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Sydney Opera House must be one of the most recognisable images of the modern world - up there with the Eiffel Tower and the Empire State Building - and one of the most photographed.
Not only is it recognisable, it has come to represent 'Australia'.
Although only having been open since 1973, it is as representative of Australia as the pyramids are of Egypt and the Colosseum of Rome.
The Opera House is situated on Bennelong Point, which reaches out into the harbour. The skyline of the Sydney Harbour Bridge, the blue water of the harbour and the Sydney Opera House, viewed from a ferry or from the air, is dramatic and unforgettable.
Ironic, perhaps, that this Australian icon - the Opera House with a roof evocative of a ship at full sail - was designed by renowned Danish architect - Jørn Utzon.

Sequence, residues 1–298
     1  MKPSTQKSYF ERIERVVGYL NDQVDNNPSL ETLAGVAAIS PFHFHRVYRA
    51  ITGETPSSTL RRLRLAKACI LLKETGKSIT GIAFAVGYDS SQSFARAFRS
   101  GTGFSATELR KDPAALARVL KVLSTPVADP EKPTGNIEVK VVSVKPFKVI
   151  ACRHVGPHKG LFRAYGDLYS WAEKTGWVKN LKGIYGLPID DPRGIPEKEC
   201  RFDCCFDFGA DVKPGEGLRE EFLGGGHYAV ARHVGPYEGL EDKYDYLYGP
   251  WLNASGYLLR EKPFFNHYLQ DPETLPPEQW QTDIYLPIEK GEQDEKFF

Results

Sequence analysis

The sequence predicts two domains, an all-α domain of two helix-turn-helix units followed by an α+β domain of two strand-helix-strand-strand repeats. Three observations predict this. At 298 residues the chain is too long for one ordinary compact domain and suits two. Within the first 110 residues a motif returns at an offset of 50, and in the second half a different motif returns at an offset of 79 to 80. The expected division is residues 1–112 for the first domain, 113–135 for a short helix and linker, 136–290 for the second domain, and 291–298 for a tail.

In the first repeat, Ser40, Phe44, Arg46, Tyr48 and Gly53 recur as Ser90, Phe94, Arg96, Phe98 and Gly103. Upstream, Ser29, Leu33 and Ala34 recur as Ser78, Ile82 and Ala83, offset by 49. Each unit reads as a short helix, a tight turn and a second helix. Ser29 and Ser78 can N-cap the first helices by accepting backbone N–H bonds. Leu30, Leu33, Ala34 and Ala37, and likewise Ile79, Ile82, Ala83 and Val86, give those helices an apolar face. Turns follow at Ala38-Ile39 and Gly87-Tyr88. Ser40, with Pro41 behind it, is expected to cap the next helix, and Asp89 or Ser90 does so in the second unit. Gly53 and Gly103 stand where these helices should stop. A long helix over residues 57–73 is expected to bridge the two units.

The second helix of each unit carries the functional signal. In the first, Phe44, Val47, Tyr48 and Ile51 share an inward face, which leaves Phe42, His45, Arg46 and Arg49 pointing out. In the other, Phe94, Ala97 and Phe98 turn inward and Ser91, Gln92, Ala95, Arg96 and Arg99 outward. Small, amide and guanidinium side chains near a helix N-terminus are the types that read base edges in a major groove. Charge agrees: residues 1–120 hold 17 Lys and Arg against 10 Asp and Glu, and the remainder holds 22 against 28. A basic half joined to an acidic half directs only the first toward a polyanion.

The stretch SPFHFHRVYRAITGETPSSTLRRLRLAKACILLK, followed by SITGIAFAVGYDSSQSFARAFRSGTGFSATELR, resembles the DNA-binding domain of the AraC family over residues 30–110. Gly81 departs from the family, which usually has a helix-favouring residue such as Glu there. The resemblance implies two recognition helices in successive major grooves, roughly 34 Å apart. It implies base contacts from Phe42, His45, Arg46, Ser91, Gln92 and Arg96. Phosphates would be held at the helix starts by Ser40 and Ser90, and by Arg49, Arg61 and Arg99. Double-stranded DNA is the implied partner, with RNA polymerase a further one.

In the late 1950s the NSW Government established an appeal fund to finance the construction of the Sydney Opera House, and conducted a competition for its design.
Utzon's design was chosen. The irony was that his design was, arguably, beyond the capabilities of engineering of the time. Utzon spent a couple of years reworking the design and it was 1961 before he had solved the problem of how to build the distinguishing feature - the 'sails' of the roof.
The venture experienced cost blow-outs and there were occasions when the NSW Government was tempted to call a halt. In 1966 the situation - with arguments about cost and the interior design, and the Government withholding progress payments - reached crisis point and Jørn Utzon resigned from the project. The building was eventually completed by others in 1973.